A pair of liberal priorities were set aside in the Senate on Thursday, where Members voted against bringing to the floor a health bill for 9/11 workers and an immigration bill similar to one that passed the House late Wednesday night.
The Senate voted 59-40 to table the DREAM Act. The bill would give a path to citizenship to up to 2 million college students and soldiers who were brought to the United States illegally as children. House Democrats scored a legislative win Wednesday night in passing their version of the measure 216-198, mostly along party lines.
Majority Leader Harry Reid (D-Nev.) put forward a motion to set aside the Senate version of the bill and vowed to bring up the House measure soon in hopes the Senate can pass it and send it to the White House for signature.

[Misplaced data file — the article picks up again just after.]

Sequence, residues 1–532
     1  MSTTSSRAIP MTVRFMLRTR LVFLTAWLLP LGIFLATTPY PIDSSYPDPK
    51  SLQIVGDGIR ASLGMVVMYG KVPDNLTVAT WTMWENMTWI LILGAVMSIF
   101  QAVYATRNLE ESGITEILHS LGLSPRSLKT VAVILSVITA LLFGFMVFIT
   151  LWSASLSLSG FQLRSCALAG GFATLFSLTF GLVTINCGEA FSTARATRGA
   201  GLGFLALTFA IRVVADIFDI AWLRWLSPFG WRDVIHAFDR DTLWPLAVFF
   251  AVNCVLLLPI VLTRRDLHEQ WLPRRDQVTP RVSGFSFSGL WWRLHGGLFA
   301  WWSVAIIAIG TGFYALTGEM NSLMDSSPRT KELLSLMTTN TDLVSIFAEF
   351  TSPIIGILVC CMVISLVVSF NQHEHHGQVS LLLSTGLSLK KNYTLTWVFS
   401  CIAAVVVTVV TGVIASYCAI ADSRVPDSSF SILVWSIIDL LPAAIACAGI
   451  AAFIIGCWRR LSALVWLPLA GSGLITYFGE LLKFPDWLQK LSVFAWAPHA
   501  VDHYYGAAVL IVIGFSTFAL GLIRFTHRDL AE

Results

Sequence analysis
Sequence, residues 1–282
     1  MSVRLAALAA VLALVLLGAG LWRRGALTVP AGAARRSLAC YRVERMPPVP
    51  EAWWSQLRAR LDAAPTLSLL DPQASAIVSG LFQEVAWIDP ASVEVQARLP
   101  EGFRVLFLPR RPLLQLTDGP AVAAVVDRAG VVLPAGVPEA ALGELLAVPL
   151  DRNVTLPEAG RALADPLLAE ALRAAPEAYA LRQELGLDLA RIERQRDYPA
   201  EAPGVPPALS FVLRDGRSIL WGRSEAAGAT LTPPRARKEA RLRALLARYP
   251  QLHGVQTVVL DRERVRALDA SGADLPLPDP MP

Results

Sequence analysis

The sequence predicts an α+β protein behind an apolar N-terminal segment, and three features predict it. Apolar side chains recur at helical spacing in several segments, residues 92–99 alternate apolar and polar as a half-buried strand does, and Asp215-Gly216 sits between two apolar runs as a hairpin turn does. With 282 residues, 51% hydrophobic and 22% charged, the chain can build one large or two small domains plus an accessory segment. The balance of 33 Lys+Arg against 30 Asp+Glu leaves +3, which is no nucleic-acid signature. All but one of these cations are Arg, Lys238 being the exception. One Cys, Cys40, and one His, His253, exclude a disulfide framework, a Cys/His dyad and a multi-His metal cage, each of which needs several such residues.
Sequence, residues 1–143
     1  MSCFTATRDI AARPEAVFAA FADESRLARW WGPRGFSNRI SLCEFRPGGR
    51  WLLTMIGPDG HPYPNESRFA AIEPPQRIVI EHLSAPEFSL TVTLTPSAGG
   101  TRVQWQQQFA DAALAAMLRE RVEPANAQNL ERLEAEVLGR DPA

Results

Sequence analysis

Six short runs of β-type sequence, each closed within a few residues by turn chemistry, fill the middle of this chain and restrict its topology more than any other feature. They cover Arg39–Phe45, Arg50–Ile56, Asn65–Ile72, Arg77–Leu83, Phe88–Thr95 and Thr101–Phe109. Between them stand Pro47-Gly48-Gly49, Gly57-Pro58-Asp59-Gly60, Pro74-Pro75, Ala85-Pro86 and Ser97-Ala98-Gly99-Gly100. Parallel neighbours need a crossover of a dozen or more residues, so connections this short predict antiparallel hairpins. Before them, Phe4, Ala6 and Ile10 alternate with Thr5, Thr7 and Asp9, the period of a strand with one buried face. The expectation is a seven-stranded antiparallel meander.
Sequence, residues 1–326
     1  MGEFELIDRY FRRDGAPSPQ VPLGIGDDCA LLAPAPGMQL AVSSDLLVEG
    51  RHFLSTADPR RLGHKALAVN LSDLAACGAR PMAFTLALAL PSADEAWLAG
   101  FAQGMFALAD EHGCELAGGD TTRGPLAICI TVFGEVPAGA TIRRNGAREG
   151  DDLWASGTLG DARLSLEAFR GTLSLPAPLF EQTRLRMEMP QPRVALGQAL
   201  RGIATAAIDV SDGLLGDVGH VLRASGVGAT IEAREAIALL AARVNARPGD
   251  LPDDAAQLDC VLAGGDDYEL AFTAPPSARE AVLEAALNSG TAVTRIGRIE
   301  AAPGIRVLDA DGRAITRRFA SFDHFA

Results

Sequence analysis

“We’re going to proceed and do everything we can to pass what the House did,” Reid said.
The Senate also failed to pass a procedural motion to consider legislation to provide health care and other benefits to 9/11 workers. The Senate voted 57-42 on the motion, which required 60 votes for passage.
Without action on either measure, both top priorities for Senate liberals, Reid is expected to bring up a procedural motion on the defense authorization measure that includes a repeal of “don’t ask, don’t tell.”
Momentum appears to be building behind a repeal of the policy that bans openly gay military service members, although it remains unclear whether Reid has the 60 votes needed to get to the defense bill that contains the repeal language.